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Eric Altschuler, Abigail Huang, Alice Hon, Jessica Goris-Rosales, Chris Tyler; Simultaneous color contrast, afterimages and metameric intransitivity: Novel effects and explanation of previously enigmatic results. Journal of Vision 2008;8(6):562. doi: 10.1167/8.6.562.
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© ARVO (1962-2015); The Authors (2016-present)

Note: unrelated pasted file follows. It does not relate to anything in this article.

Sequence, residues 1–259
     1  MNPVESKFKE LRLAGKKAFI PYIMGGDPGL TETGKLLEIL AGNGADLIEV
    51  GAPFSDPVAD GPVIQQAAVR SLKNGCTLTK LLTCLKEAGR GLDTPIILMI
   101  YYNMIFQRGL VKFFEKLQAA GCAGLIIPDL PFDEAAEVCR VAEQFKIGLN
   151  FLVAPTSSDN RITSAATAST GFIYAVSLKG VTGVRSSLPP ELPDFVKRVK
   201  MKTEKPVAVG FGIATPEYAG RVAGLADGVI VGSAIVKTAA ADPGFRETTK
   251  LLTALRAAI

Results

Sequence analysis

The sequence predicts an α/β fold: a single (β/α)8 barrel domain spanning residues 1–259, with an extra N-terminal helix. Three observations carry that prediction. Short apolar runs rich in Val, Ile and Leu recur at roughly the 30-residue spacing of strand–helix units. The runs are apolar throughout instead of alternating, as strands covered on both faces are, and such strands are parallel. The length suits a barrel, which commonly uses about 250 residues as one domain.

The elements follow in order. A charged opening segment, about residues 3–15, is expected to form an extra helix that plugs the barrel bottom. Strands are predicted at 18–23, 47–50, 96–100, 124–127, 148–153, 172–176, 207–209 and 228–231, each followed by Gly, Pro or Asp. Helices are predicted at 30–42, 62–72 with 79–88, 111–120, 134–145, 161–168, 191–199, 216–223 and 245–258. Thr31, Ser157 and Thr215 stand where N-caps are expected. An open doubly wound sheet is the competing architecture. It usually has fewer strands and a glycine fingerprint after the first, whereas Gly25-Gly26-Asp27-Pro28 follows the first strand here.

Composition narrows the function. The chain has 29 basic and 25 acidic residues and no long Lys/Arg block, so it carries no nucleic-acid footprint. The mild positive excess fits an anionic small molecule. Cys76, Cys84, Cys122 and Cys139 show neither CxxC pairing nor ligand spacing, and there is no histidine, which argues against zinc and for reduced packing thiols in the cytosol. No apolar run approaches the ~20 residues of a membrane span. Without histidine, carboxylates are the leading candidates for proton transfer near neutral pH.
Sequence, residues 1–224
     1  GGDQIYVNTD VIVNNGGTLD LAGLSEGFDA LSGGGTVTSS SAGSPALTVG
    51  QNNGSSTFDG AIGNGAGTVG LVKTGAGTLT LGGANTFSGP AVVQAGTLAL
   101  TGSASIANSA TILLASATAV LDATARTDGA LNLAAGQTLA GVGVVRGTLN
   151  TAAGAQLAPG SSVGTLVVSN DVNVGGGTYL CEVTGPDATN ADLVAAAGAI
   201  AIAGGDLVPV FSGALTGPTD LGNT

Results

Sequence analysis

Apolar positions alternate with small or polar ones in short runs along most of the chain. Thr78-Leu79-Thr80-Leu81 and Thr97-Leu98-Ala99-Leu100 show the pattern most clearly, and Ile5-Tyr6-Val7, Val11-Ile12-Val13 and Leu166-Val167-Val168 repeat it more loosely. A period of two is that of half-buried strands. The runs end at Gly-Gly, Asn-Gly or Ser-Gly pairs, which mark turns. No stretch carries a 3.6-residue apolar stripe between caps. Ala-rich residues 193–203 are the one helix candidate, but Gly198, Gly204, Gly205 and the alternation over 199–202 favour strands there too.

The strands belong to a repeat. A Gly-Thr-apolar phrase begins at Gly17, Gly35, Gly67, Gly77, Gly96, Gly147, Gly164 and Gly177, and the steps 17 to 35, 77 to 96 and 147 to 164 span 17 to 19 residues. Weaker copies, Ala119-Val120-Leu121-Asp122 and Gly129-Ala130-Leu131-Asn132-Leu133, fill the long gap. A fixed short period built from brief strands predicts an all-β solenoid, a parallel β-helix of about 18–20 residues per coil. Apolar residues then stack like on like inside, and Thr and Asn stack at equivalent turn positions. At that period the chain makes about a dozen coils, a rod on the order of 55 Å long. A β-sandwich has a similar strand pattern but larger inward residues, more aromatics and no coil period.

While many features of simultaneous color (and brightness) contrast (SCC) and negative and positive afterimages (NAI, PAI) have been known for half a millennium, even simply stated questions remain unexplained (e.g., Anstis, Rogers & Henry 1978). We discuss novel and underappreciated properties and effects of SCC, PAI and NAI, and implications for understanding neural mechanisms underlying these phenomena. In particular, we develop displays of test patches which look the same but have grossly different afterimages, and, conversely, which look very different but have identical afterimages (metameric intransitivity). These effects are based on the findings that SCC has a time course, that the PAI and NAI can be visible simultaneously and that these afterimages can obscure results of vision experiments. When at least one background is white or near-white it is not possible to match the test patch colors merely by adjusting their brightness, possibly due to slightly unequal number of color receptors or associated higher order neurons. We emphasize the underappreciated effect that SCC does not cause the test patch to take on the surround's complementary color, rather the common color is “pulled out” from the surround and test patch. We derive semi-quantitative curves for the strengths of SCC, NAI and PAI and use these to explain previously enigmatic results (ARH, 1978) and produce the dissociations between image and afterimage metamers. Furthermore, we show that the Munker color effect can be obtained solely from grouping effects—and does not depend on geometry—of a group of colored discs on a different color background inducing a change in the color of a group of test discs. We use this grouping version to clarify the effect of the inducing stimuli in the Munker, White and inverse White effects, leading to the explanation of a novel inverse Benary effect.
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